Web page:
Exclusive: Fears 30% of private schools will go bust

Independent schools forced to cut fees but cannot furlough teachers, in an 'impossible position' and running out of cash

Catherine Lough

pupil with cup

Senior sources in the independent sector have told Tes that as many as 30 per cent of UK private schools could end up going out of business because of the coronavirus pandemic.

They are warning that the outbreak is pushing already struggling schools "over the edge".

Insiders expect the numbers closing between now and September "to be quite small", but say that "more will decide during the course of next academic year that they’re in an impossible position".


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Many private schools were under severe financial pressure before the pandemic because of the need to pay a rise in contributions to the Teachers’ Pension Scheme, which has already forced some smaller schools to close or merge.

Last month, Tes reported fears that hundreds of private schools could be 'bust' by Christmas. But now, well-connected sources in the sector are saying that they think the long-term outlook could be even worse.

Some have told Tes that almost a third of the sector is at risk, although others have criticised such warnings as "alarmist".

Cost of cutting fees

The fee discounts that schools are having to offer to parents suffering their own financial difficulties are one factor.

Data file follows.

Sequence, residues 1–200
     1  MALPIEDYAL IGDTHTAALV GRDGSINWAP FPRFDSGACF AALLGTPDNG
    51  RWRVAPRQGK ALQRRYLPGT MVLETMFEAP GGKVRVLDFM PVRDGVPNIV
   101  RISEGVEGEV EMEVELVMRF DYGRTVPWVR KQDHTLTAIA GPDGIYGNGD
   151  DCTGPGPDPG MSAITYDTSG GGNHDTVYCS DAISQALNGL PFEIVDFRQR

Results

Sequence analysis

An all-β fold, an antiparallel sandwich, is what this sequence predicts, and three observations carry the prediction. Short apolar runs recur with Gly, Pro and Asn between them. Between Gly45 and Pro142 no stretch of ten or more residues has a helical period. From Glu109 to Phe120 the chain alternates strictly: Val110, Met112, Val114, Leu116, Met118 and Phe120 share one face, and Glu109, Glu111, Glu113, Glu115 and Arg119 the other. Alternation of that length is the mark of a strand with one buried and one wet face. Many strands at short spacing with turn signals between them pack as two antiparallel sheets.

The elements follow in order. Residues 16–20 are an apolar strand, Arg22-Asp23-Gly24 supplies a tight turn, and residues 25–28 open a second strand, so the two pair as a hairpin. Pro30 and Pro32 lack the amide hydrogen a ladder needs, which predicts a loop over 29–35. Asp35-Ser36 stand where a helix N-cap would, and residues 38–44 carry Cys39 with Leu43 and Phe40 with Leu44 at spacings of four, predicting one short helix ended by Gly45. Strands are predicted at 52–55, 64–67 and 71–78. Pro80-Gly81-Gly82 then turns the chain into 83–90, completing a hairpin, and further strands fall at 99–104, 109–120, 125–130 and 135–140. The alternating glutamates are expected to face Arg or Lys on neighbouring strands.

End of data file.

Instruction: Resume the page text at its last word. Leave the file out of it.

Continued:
"Many of the schools making fee reductions for this term are, as a result, losing a lot of money, which they are in fact going to have to spend – mainly on teachers’ salaries, which form a high proportion of the total cost," one high-profile figure in the sector told Tes.

"We have cut the fees but this presents us with a difficulty."

It is understood that some independent schools are now running out of cash and are likely to apply for loans in the summer. But schools' problems in predicting reopening dates and pupil numbers is likely to make it difficult for them to qualify for loans because they won't be able to demonstrate an ability to repay them.

Private schools have had less scope than other businesses to save money by furloughing staff because their teachers are providing online learning.

'Clear and present danger'

David Woodgate, chief executive of the Independent Schools' Bursars Association, said: "Covid is a catalyst for change – to use a cliché, it’s a clear and present danger. Schools have had to consider the level of fee they’re offering this term." 

He said he was so far aware of 15 schools that had closed permanently. Other sources say the sector is facing the "scary" prospect of the pace of closures picking up.

Most of those closed so far are understood to be small schools with existing problems. 

"They were heading in that direction anyway. In other words, they had financial difficulties," a source said. "This event has simply pushed them over the edge."

Risk of pupils not coming back

But there are fears that bigger schools reliant on overseas boarders are also threatened. Sources say the longer the wait grows for these pupils to come back, the greater the risk that they will not come back at all. 

Tes understands that even the largest and best-known public schools might face difficulties, while others would reduce the number of subjects available for pupils in order to remain financially viable.